Wednesday, December 17, 2014

Let the Gift Giving Begin!

Homemade Maple Block Vase
Who doesn't like receiving a gift?  December has to be the official gift giving month of the year and with good reason. Take your pick from the biggies-
Christmas and Hanukkah to the food related ones - Fruitcake Day (12/27), National Fritters Day (12/2) and National Maple Syrup Day (12/7).  And no doubt you celebrate Pretend to be a Time Traveler Day (12/8) or National Whiners Day (12/26), hope not.  Thank you giftypedia.com for listing over fifty holidays to celebrate this month. I promise not to forget Day of the Ninja (12/5) next year.  

Gardeners are the easiest to find gifts for during the month of December. They are happy with just about anything that would be of help or enhancement in the landscape. From a bag of potting soil to a new shovel, they're happy with anything garden related. Below are some photos of some of my favorites (or ones I'm giving this year). If you want to view three minutes of my garden gift giving ideas, just click on the video below. BTW, this is my third official YouTube garden video and I'm slowly getting the bugs worked out and remembering to smile a bit more. But I still have lots of room for improvement.  

The first gift above is one of the coolest garden flower vases I've seen.  A friend's husband is an expert wood worker and designed the vase to hold just a few flowers in a simple test tube. It's more of an art piece and the fact that you can add flowers is a bonus. I move it around the house because it's so attractive to view. Nothing says welcome like flowers, so place it in a guest room for visiting friends or family. It makes a pretty centerpiece too and you can see across the table to converse with your guests. If you like it and want more information, send me an email from the lower left form of the blog and I'll get back to you.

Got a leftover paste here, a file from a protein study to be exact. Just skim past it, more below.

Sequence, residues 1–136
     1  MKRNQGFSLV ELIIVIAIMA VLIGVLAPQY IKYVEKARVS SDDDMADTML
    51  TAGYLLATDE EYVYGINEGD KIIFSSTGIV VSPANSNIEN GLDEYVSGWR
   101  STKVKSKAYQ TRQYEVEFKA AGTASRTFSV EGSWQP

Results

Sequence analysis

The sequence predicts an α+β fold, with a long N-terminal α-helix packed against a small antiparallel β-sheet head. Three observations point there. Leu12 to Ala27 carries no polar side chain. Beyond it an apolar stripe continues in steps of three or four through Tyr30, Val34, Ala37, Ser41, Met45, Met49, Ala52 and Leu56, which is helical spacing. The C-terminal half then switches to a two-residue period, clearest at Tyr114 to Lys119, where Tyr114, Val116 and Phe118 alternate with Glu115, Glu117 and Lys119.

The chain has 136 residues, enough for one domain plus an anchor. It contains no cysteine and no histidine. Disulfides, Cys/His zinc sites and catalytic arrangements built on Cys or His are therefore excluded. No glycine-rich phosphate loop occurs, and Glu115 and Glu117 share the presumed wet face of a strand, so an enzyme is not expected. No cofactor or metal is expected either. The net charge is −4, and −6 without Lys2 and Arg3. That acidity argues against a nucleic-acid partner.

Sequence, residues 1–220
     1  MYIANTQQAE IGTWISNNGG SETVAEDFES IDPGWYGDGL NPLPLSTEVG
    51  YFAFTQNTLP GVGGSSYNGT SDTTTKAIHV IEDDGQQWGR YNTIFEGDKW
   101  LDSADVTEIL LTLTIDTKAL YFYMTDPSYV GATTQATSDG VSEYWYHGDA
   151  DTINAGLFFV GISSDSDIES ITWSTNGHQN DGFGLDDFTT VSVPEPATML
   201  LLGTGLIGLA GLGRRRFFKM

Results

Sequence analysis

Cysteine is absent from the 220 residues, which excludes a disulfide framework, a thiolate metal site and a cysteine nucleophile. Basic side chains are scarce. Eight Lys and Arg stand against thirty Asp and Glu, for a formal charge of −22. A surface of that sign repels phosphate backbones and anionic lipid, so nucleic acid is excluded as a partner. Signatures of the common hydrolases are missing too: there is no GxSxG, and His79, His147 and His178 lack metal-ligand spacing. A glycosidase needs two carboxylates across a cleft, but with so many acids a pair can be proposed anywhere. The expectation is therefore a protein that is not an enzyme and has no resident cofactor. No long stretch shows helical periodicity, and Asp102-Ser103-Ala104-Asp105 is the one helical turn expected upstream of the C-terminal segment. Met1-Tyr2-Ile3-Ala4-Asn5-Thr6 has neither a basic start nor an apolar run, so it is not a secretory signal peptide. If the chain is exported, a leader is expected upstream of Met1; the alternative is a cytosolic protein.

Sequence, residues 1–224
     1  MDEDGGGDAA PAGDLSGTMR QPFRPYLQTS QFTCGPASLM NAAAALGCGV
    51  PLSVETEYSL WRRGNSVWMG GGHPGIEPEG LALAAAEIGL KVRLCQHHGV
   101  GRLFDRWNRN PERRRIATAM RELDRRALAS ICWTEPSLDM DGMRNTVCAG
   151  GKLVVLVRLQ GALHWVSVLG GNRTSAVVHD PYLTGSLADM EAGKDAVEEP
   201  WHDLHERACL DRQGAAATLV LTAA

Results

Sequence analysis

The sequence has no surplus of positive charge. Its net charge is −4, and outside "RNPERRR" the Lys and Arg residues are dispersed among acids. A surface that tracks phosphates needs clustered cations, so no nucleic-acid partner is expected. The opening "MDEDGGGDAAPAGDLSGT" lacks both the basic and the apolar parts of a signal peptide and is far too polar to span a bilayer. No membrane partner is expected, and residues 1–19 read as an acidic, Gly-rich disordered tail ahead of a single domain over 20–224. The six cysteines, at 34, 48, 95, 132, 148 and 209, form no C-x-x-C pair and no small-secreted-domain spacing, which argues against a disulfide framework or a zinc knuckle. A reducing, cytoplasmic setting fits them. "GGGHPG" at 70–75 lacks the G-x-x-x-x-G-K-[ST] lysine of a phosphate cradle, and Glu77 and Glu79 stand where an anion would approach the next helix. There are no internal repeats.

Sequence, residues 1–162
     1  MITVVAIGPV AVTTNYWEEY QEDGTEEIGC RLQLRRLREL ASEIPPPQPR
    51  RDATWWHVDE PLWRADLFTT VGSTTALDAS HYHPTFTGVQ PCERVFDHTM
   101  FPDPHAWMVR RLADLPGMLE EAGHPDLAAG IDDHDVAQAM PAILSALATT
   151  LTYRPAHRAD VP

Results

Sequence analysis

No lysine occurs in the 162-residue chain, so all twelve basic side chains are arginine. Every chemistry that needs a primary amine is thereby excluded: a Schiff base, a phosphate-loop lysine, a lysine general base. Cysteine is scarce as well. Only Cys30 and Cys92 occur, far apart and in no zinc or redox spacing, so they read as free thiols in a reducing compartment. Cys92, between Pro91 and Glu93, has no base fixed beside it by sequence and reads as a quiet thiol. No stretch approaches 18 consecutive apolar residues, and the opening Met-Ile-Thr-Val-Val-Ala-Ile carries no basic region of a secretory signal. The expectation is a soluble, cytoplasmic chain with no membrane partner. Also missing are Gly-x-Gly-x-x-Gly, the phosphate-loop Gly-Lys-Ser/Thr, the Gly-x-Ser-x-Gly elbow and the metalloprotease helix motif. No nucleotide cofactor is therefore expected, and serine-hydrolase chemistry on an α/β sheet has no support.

The grouping to the right are some home grown plants and a gift basket.  In the upper right is a black container of garlic chives using left over garlic planting cloves.  They take just a couple of weeks to emerge.  Snip away to flavor any dish for a special taste of garlic.  The leaves quickly grow back, so use them all winter and compost the plants and potting soil in the spring. Also pictured are canned tomatoes, dried basil, amaryllis (slow, late start this year, will bloom in January), and paperwhites.  Have fun with an assorted basket of garden goodies (choose what you think your gardener would like). In this basket I included seeds, a garden center gift certificate, small pruners, hand soap, gloves and a soil test kit. Instead of a basket consider using a flexible plastic carry-all that doubles as a harvest tub - garden tub.

The gifts to the left require a little bit of spending. The soil test runs $31.00, a magazine subscription varies, some can be as low as $20.00 a year.  Garden books are reference and idea books for me, and so helpful with on the spot information (especially if the internet is down).The lavender wrap is a nice gesture for the gardener who likes a bit of pampering after a day in the garden (ME). The leaf scoops are for anyone who dislikes fall raking; these will make the job so much easier, almost fun, so much so that your children will want to use them too. Floating row covers are very useful for early outdoor seed starting and covering plants for late spring frosts or season extending in the fall.  This year I found a great deal on the heavy row covers from Gardener's Supply, the large 12 X 20 size for under $20.00 (and free shipping).  

Enjoy the season!

“We make a living by what we get. We make a life by what we give.”
― Winston Churchill







  



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